PostgreSQL Database Modeler

“Easily create and edit database models with simple and intuitive interface. The pgModeler have forms that highlight fields that must be filled to provide the correct generation of SQL code.”

“Built over Qt framework pgModeler can be compiled under Windows, Linux and MacOSX systems. The build scripts are easily configurable to resolve specifics dependencies on each system.”

“Model once and export to multiple versions. The pgModeler has a method of generating code that allows the created model to be exported to different versions of PostgreSQL.”

http://pgmodeler.com.br

ArrayQL – arrays as first-class objects

“At XLDB 2012 we announced that two major databases that support arrays as first-class objects (MonetDB SciQL and SciDB) have formed a working group in conjunction with XLDB.  This working group is proposing a common syntax (provisionally named “ArrayQL”) for manipulating arrays, including array creation and query.  In addition, we are working with a third major array-supporting implementation (Rasdaman) to propose an algebra for common array operations. A common algebra and syntax are expected to benefit array users in the same way that the relational algebra and SQL benefit relational users…”

http://www.xldb.org/arrayql/

http://www.scilens.org/Resources/SciQL

http://www.scidb.org/

PHP The Right Way

“There’s a lot of outdated information on the Web that leads new PHP users astray, propagating bad practices and bad code. This must stop. PHP: The Right Way is an easy-to-read, quick reference for PHP best practices, accepted coding standards, and links to authoritative tutorials around the Web.

There is no canonical way to use PHP. However, this website is a humble display of best practices, available options, and good information. It aims to introduce new PHP developers and to rethink seasoned pros with fresh ideas.

This is a living document and will continue to be updated with more helpful information and examples as they become available…”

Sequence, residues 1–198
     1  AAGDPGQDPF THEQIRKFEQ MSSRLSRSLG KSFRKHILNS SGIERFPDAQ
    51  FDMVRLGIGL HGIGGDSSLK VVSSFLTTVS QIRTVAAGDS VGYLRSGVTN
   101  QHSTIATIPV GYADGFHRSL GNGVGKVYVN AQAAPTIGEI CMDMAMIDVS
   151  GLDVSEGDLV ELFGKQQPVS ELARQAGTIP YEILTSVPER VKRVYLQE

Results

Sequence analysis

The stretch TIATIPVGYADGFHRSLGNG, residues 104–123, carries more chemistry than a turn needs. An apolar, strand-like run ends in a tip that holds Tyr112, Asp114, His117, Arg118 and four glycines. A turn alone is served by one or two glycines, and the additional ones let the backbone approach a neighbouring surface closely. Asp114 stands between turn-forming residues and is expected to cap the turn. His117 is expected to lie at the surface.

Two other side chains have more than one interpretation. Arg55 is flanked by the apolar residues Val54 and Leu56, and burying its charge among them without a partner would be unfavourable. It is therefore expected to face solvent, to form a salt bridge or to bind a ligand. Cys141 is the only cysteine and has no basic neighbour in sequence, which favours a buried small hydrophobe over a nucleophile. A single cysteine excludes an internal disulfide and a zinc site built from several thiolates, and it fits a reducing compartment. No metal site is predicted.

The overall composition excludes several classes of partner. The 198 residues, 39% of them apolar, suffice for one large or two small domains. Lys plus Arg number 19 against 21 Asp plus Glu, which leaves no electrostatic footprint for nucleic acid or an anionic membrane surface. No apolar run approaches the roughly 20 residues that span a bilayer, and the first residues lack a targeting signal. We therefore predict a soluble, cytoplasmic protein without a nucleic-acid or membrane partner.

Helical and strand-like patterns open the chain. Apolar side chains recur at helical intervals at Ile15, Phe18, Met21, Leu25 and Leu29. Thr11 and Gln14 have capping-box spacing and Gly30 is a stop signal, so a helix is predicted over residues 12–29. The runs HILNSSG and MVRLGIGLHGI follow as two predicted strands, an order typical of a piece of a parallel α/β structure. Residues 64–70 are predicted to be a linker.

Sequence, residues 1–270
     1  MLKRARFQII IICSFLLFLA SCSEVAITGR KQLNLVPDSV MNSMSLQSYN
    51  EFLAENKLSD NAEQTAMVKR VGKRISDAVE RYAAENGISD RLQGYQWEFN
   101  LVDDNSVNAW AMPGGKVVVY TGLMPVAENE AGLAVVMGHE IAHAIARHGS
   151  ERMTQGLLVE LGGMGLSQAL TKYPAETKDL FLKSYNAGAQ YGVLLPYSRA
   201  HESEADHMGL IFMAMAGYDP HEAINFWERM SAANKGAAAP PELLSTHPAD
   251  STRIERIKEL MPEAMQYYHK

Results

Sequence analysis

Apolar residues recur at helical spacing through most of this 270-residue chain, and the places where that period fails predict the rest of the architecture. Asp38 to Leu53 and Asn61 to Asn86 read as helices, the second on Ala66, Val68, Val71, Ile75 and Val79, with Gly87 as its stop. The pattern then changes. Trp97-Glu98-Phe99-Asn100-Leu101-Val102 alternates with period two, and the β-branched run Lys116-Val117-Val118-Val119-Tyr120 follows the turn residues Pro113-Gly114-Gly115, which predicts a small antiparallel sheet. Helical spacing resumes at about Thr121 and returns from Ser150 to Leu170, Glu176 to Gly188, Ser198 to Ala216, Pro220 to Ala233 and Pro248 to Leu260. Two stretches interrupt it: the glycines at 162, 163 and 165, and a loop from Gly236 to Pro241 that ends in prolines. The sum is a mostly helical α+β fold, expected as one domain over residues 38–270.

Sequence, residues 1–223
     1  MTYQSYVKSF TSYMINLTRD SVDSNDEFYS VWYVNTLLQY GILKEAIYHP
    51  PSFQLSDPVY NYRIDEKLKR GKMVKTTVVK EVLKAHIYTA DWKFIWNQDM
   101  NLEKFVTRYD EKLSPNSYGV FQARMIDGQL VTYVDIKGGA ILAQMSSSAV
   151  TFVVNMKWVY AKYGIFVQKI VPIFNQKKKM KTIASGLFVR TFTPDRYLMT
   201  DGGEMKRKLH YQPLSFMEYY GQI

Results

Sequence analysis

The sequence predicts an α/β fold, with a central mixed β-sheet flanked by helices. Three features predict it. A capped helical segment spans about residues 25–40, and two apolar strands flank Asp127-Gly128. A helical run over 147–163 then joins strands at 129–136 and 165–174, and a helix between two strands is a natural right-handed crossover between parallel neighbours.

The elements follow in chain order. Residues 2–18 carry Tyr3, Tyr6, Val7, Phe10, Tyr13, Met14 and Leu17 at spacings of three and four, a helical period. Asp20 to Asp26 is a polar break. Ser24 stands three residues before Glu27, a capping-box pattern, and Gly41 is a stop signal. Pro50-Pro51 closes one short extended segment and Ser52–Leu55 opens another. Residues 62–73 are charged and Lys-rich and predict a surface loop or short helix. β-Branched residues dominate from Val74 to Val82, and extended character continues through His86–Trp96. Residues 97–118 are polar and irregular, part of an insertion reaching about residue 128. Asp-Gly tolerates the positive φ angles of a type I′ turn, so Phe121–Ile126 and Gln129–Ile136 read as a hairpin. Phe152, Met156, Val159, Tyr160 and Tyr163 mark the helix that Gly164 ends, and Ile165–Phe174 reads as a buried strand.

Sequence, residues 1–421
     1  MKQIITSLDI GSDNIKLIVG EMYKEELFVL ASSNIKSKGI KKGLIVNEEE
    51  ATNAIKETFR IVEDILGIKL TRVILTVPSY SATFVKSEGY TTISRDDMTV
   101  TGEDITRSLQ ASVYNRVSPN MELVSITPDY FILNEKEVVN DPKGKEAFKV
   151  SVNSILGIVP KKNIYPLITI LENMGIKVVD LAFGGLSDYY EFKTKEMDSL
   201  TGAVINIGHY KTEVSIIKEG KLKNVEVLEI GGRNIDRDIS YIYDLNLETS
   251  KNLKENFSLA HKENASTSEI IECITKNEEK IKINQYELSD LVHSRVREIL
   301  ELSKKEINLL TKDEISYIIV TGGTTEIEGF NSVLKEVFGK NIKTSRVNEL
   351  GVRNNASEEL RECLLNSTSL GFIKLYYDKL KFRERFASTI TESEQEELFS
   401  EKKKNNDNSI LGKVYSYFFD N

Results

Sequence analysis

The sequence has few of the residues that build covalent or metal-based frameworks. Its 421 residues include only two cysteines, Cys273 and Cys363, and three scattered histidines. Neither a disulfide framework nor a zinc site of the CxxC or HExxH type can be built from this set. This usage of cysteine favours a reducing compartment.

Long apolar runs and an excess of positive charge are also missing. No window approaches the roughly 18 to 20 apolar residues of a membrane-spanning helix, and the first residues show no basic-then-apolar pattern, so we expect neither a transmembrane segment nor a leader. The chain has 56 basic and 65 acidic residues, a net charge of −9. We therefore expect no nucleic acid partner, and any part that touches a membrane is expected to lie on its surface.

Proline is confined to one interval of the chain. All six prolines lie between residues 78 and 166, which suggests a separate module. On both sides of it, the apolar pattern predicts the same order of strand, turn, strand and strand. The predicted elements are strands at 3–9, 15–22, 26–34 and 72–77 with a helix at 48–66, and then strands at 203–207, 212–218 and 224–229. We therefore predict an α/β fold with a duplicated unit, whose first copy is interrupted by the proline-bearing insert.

http://www.phptherightway.com/

Mathematics at Google

Abstract: There is a wide variety of Mathematics used at Google. For example Linear Algebra in the PageRank algorithm, used to rank web pages in search results. Or Game Theory, used in ad auctions, or Graph Theory in Google Maps. At Google there are literally dozens of products which use interesting Mathematics. These are not just research prototypes, but real Google products; in which Mathematics play a crucial role. In this presentation, I introduce several applications of Mathematics at Google. I begin with a detailed explanation of search on the web and PageRank. Then I show a dozen examples of Google products and the corresponding Mathematics that are used. The presentation has an extensive list of links and references. And it’s available in English and Spanish…”

http://research.google.com/pubs/pub38331.html

Is Alzheimer’s Type 3 Diabetes?

“The idea that Alzheimer’s might be Type 3 diabetes has been around since 2005, but the connection between poor diet and Alzheimer’s is becoming more convincing, as summarized in a cover story in New Scientist entitled “Food for Thought: What You Eat May Be Killing Your Brain.” (The graphic — a chocolate brain with a huge piece missing — is creepy. But for the record: chocolate is not the enemy.)…”

http://opinionator.blogs.nytimes.com/2012/09/25/bittman-is-alzheimers-type-3-diabetes/

libffi Tutorial